Blade Runner: The Final Cut

I don’t know why he saved my life. Maybe in those last moments he loved life more than he ever had before. Not just his life, anybody’s life, my life. All he’d wanted were the same answers the rest of us want. Where did I come from? Where am I going? How long have I got? All I could do was sit there and watch him die.

Blade Runner: The Final Cut, is hopefully just that. The movie has more versions at this point than the software used to edit it. I bought the Blu-ray disc and was astounded at the quality of the picture. It’s an absolutely fantastic job; everything looks crisp and beautiful. Some continuity problems have been resolved, and certain scenes trimmed or expanded.

But of course, I’ve seen all three versions of it, as well as read the book (which is way better), so it’s impossible to see it with fresh eyes. The voiceover is still missing in action, which is perhaps for the best*, but would the movie make sense to anyone who hasn’t seen it? Does it matter? Blade Runner has had a growing audience since day one, and has been interpreted and analyzed for 25 years. I adore the movie, despite its flaws. And since cinema is a visual medium, I can overlook plot deficiencies for such sumptuous visuals. But it isn’t as profound as it would like to be, nor does it really matter.

Blade Runner imagines a future that looks increasingly realistic by the year. It deals superficially with what it is to be human. Ultimately, it is a triumph of production design, if not the nature of humanity. The is/isn’t he has become less ambiguous with each version, but since the seeds were there from the very first version, I believe it when Scott says he always reckoned Deckard was a replicant. (This is mentioned in the book about the production – Harrison Ford wanted deckard to stay human)

Like I said, some flaws are at this point, others not. Exactly why the Voight-Kampff test had to be administered when they had mug shots to begin with is still a mystery. But what the hell. Rutger Hauer’s final speech is either moving or ridiculously bathetic. I have felt bot ways about it, but it does fit in there. It’s nevertheless one of Hauer’s finest roles. Ford is pitch perfect; light years away from Han Solo, but still rocking the same cynical charm. If you haven’t seen it, do so.

*Some lines, like quote on top, are missed. Call me sentimental.

  • Director: Ridley Scott
  • Cast: Harrison Ford, Sean Young, Rutger Hauer, Edward James Olmos
28.12.2007 • Permalink

So, do you ever find yourself listening to Radiohead and wondering what the big deal is?

18.12.2007 • Permalink

Laughter

So every now and then I put on an album by the late & very great mr Bill Hicks. He’s the only comedian I know of  whose material can still be considered current a decade after his death. There’s something to be said about historical predilictions for tragedy and farce, but nevertheless, Hicks was some kind of genius.

Anyway, do you ever laugh on the subway? I mean, just you, on your own? I never do. And it’s a hell of a thing when I first do it, too; people stare at you as if you’re batshit insane. It’s great! Depending on the performance I’m listening to, it’s a smile, then a snicker, then another smile…a muted laugh and maybe a belly laugh, if I can’t help it – often cut short, as I’m pretty embarrassed to be laughing on the subway like this. And since I don’t look particularly crazy, people seem extra worried, as if I’m one of those pissed-off postal employees one always reads about. Or a terrorist. And you know, the subway still doesn’t have a metal detector. Add to that the fact that I’m always being stopped "randomly" at airports (well, in the US), I must assume I look sufficiently swarthy enough with my wispy beard to resemble such a gentleman as went to the London subway with half a ton of Semtex strapped to his ass.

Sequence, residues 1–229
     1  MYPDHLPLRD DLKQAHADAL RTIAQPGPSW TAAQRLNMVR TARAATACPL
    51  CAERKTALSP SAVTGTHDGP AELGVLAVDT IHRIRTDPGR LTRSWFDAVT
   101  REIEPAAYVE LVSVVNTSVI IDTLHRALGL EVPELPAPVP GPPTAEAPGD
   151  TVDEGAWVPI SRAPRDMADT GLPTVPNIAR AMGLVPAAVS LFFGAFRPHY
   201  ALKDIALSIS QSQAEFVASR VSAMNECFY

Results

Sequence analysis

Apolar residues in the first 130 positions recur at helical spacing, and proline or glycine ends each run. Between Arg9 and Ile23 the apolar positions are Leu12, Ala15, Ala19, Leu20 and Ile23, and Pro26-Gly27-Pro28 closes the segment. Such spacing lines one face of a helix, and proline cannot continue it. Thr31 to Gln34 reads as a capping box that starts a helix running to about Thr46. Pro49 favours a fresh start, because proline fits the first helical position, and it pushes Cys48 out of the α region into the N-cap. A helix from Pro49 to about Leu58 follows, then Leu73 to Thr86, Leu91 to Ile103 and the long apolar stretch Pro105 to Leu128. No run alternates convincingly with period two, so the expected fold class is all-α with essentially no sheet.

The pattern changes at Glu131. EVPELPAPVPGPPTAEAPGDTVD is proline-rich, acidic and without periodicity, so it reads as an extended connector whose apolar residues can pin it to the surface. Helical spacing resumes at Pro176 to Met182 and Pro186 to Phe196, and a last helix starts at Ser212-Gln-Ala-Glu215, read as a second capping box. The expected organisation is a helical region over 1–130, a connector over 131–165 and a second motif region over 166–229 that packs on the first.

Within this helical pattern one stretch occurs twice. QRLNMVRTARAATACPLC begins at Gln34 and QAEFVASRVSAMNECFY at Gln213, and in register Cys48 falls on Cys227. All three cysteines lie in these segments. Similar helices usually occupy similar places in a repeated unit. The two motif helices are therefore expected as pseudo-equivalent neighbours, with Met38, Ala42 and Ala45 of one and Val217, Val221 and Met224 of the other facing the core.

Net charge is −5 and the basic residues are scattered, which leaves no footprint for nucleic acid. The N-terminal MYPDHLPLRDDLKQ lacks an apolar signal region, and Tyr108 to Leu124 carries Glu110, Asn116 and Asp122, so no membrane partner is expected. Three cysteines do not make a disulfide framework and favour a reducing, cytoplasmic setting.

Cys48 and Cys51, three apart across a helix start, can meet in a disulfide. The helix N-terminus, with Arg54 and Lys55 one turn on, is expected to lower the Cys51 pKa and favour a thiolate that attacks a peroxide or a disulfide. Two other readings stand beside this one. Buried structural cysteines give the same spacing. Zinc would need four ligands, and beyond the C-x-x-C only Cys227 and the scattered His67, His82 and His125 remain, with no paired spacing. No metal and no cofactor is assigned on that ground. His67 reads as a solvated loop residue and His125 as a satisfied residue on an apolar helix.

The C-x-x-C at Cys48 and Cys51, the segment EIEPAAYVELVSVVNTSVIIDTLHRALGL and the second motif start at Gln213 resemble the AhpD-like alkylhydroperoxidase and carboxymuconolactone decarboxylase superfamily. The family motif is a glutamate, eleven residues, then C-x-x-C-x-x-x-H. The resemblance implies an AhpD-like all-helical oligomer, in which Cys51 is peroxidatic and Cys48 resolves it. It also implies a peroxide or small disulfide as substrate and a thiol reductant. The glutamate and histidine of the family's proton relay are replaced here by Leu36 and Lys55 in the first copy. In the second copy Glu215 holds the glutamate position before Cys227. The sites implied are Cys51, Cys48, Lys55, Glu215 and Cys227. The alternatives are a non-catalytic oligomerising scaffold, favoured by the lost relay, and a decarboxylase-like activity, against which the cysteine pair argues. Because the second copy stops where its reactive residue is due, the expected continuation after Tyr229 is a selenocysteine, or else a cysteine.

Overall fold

It’s terribly entertaining, don’t you agree? Yes, I’m sure you do. You’re welcome.

16.12.2007 • Permalink

Nobel, Nobel

I read that Preznit Shrub called Al Gore to say congratulations on winning the Nobel and such, and I couldn’t help but ponder what that conversation was like.

“Hello?”
“Hey, Al? Guess who?”
“Well…”
“The PRESIDENT of the UNITED fucking STATES of AMERICA, Al!”
“(Muttering) Asshole”

Writing this depressed me to no end, so I’ll just stop here.

12.12.2007 • Permalink

Every now and then, I turn on the radio and hear a song I haven’t heard in ages. Case in point: Nirvana’s “Smells like teen spirit”. Angst has long since given way to a number cynicism, but damn…it still sounds great.

11.12.2007 • Permalink

Led Zep Redux

So Led Zeppelin reunited and rock fans across the globe creamed their jeans. I enjoyed Zep for a while, but it’s been about five years since I last put a CD of theirs on. Not to belittle the New Yardbirds, but Zep is Zep is a juggernaut and Hammer of the Gods and all that, so this show was a big deal, and has naturally gotten a lot of press. Still, every now and then, an eyebrow will arch over an odd line, such as in this case:

Page showed he still has the touch as well. Besides ripping out his patented riffs all night, he put the spotlight on himself when the band played the bluesy "In My Time of Dying." With his left hand moving freely up and down the neck of his guitar and the metal slide wrapped around one of his fingers, Page effortlessly played a song that’s not easy to master.

This is taken from the AP story over on Yahoo. Now, I realize there isn’t much you can write about a show that’s 100% percent guaranteed to go down as pure musical orgasm for most in the crowd, but as far as I know, Page is still considered one of the best guitarists in rock music. So considering he wrote the damn thing in the first place, I fail to see why it deserves its own paragraph, even if it is "hard to master". Maybe it was the fact that his hand moved freely, but I somehow doubt it. Slow day, can you tell? 

10.12.2007 • Permalink